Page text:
"Morning sickness is a widespread and puzzling physiological phenomenon that has yet to be sufficiently studied," she said.

Scientists believe that the sickness could be a by-product of changes in the levels of certain hormones, known as HCG (human chronic gonadotropin) and thyroxine, during pregnancy.

These fluctuations help the body to ensure that a woman's placenta grows properly, delivering vital nutrients to her baby.

The study followed 121 women who fell pregnant between 1998 and 2003.

The IQ levels of their children were tested between the ages of three and seven.

Other factors such as mother's IQ, her level of alcohol consumption and socioeconomic status, which can affect a child's IQ, were taken into account during the study.

While previous studies suggested an early protective benefit of morning sickness, the long-term effects, including on intelligence, had not been directly investigated before.

Dr Irena Nulman, of The Hospital for Sick Children in Toronto, Canada, said: "Our findings suggest an association between morning sickness and improved neurodevelopment in the offspring.

"Morning sickness is a widespread and puzzling physiological phenomenon that has yet to be sufficiently studied."

Wednesday, October 13, 2010

Wild Horses in Corolla

We drove all the way to the end of the beach where the fence is. Then we turned around and turned right into the second road into the dunes. The first picture is what we saw as soon as we came down off the first dune. Corolla is a gorgeous place, and we need to show respect for the environment, wild horses and the residents. There are laws you need to research and follow regarding viewing the horses, driving on the beach and staying off the dunes.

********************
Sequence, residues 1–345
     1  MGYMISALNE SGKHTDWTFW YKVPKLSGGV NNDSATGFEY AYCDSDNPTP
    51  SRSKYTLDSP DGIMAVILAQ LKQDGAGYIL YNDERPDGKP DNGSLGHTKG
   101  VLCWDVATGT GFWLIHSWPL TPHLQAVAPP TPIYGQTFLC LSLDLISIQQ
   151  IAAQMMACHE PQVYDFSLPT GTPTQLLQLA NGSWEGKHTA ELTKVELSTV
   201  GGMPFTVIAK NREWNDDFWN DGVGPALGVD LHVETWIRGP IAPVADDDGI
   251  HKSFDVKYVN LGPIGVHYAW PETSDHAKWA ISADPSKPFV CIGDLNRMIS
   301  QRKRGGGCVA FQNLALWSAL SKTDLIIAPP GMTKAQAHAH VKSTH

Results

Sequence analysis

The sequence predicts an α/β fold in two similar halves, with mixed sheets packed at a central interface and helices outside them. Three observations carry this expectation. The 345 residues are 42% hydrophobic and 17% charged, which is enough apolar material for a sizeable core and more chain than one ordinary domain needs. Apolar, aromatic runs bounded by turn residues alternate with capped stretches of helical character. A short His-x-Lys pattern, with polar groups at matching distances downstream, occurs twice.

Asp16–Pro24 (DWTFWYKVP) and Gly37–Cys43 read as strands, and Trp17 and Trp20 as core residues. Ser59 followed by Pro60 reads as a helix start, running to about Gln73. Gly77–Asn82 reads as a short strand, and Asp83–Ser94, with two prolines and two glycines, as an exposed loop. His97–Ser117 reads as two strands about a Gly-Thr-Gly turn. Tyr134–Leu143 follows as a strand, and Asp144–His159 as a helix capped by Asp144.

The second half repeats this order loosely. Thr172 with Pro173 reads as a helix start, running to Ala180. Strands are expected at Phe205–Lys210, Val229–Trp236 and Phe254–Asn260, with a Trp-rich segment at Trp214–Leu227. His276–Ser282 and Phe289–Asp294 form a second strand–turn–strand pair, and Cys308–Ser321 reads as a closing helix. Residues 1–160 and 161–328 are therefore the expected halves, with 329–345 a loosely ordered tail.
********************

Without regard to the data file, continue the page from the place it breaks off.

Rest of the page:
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Storm Ending (pict)

The magnificent show was over, so I left.

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We were blessed with great weather most of our stay, but on Thursday, a storm blew in.

I love watching storms. I could not tear myself away from this amazing force!

I've lived near the ocean my entire life, but I have never watched a storm from start to finish before this. I fell in love with the ocean in an entirely new way!

Amanda and Clint watching from our front row seats.
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A Pelican and more (picts)

A pelican on the sound. Caleb loves pelicans!

Wash Woods on Corolla Beach, an ancient maritime forest

Amanda on Corolla Beach

Brandon and Amanda joking around together.
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The Sound


Hannah copying her big brother, Brandon

Hannah bringing her finds back to Clint and I.

Amanda swimming with Emily on her back.
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Roanoke Sound


beach house


Miss Hannah
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Sisters...and a Brother

Emily was sitting in this chair when Hannah decided to join her. She put her arm around Emily and I grabbed the camera!


Hannah holding onto Clint

Amanda, Joshua and Caleb have had a good natured wrestling match going on for years. When it rains a lot at our house and floods the field, the boys will try to take her down in it. Joshua thought he could take her on by himself, but it didn't work out quite like he thought it would. One year, he'll catch up with her!
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horseshoe crab

royal terns

beached bouy
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Nags Head, NC

Hannah and Emily giggling over the ocean waves tickling their feet
Caleb in the background

Caleb with Bethany in the background